• or whatever might be taken.  Don’t have anything shiny, money sticking out of your pocket, or your computer available in your open bag.
  • If you do feed the monkeys, always look out for the claws and teeth of the dominant male.  He should be given food first to avoid fighting or you getting bitten.
  • Don’t get close to the babies.  Especially don’t get between a mom and her baby.
  • When you smile, don’t show your teeth.  In monkey understanding, this is considered an aggressive gesture.  Monkey grimaces are indicators of inferiority while panting and open-mouthed threats are indicators of dominance.
  • If you have a child with you, be particularly careful.

The Sacred Monkey Forest Sanctuary staff in the green uniforms are throughout the park in case you need assistance.


Some people hold bananas above their heads to encourage monkeys to climb up to their shoulders – in order to get a “cool” photo. That is really not a good idea. rr photo

Even if you are careful, it is possible to get scratched or bitten.  The monkeys are wild animals, and they are not afraid of humans.  I haven’t heard of monkeys having rabies here, but some dogs do.  Although dogs aren’t allowed in the sanctuary, I’ve seen a monkey and a young, rambunctious dog near the park entrance scraping over a bit of food.  So don’t take chances.  A puncture wound or even a scratch in a humid, hot climate such as Bali’s can quickly become infected.  Seek immediate medical attention even if your wound seems minor.


Monkeys here, monkeys there, monkeys all around. rr photo

Even with all these cautions, I recommend that you go to the Monkey Forest Sanctuary.  Except for that one curious, climbing-up-my-leg monkey, I haven’t had any others bother me.  They are fun to watch.  And it’s fun to watch tourists interact with the monkeys too.


Tourists feeding monkeys at the Monkey Forest Sanctuary. photo from MFS website.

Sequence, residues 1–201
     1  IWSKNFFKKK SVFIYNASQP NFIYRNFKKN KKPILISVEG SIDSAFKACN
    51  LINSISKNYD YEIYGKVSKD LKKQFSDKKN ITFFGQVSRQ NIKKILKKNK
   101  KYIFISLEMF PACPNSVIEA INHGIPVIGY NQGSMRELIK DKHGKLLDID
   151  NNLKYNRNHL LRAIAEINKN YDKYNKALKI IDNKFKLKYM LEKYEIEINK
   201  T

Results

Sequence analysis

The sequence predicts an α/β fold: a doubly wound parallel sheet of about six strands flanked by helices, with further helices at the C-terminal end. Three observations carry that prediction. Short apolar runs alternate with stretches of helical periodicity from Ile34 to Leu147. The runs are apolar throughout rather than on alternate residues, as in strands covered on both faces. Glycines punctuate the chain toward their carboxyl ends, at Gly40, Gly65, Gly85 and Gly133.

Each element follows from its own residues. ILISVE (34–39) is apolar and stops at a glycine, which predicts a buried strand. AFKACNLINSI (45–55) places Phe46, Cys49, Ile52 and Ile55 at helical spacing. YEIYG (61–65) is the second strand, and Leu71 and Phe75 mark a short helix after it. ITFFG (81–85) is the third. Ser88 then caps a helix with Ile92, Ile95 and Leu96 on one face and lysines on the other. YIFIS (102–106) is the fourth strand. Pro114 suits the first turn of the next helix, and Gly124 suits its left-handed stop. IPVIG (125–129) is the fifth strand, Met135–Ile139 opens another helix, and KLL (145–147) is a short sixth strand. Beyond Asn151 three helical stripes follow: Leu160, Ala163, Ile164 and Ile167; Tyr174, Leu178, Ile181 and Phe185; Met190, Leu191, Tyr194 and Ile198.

A monkey statue – and a real monkey in the Monkey Forest Sanctuary. rr photo


On a hot day, the monkeys like to cool off in their Monkey Forest Sanctuary pool. rr photo

The Sacred Monkey Forest Sanctuary  is not only a tourist attraction with about 10,000 visitors a  month but also an important site in the spiritual  life of the local community. The Monkey Forest grounds are home to three Hindu temples, all apparently constructed around 1350!


Temple in Monkey Forest Sanctuary. rr photo

The Main Temple is used for worshiping a personification of Shiva, the transformer. The Pura Beji Temple is a “Holy Spring” bathing temple, a place of spiritual and physical cleansing and purification prior to religious ceremonies.


Temple pool – holy water. rr photo

The Prajapati Temple is used to pray for procreation and the protection of life. A cemetery adjacent to this temple receives the bodies of the deceased for temporary burial while they await a mass cremation ceremony (because of the extremely high costs), held approximately every five years.


Monkeys among the graves. rr photo

The temples play an important role in the spiritual life of the local community, and the monkey and its mythology are important in the Balinese art tradition. The Monkey Forest area is sanctified by the local community, and some sacred areas of the temples are closed to everyone except those willing to pray and to wear proper Balinese praying attire.

On-going research and conservation programs also happen here with researchers from  around the world  focusing particularly on the monkey social interaction and behavior with their surrounding environment.

So go to the Monkey Forest Sanctuary for the monkeys, the trees, the temples.  Especially if you are aware, you will have fun.

Selamat jalan, Renée

Information from:

“The Holy Monkey Forest of Sangeh” by Bill Dalton, Bali Advertiser, 26 Sept. – 12 Oct. 2016, p 26.

Text and photos from:

Thought for the Day: Balinese Saying

Be like the humble rice stalk.


Rice stalks heavy with ripening grain in a Jalan Bisma field. rr photo

As the rice grows in its nutritional value, the further it bows.

Be humble about your gifts.

Salam,  Renée

Sign: “We are for sale . . .”


“WE ARE FOR SALE.  Please call my brother Wayan.”

Sign on Jalan Tirta Tawar – on the way to Om Ham Retreat, Bali.

Selamat jalan, Renée

Sign: We have wifi . . .


Couple out for dinner and music at the Laughing Buddha on Jalan Monkey Forest in Ubud, Bali. rr photo

Modern life – everywhere.


Sign at the frozen yogurt shop on Jalan Dewasita, Ubud. rr photo

Just a reminder – to all of us – to pay attention to those we are with.

Aloha, Renée

Bali Fruit: Snakeskin (Salak)

Snakeskin fruit or salak is new to me.   “A native fruit from Indonesia and Malaysia, the snakeskin fruit grow in clusters at the base of the palm.   The taste is usually sweet and acidic, like a cross between a crunchy sweet apple and a pineapple, but its texture can vary from very dry and crumbly to moist and crunchy. . .[Here in Bali, the ones I’ve had are moist and crunchy – and delicious.]   This palm grows to 10 feet tall, is very thorny, and produces fruits in large clusters. Plants are self pollinating. Likes filtered sunlight.”


To peel, start by pinching off the tip.  rr photo

Snakeskin fruit are refreshing  and very popular in SE Asia.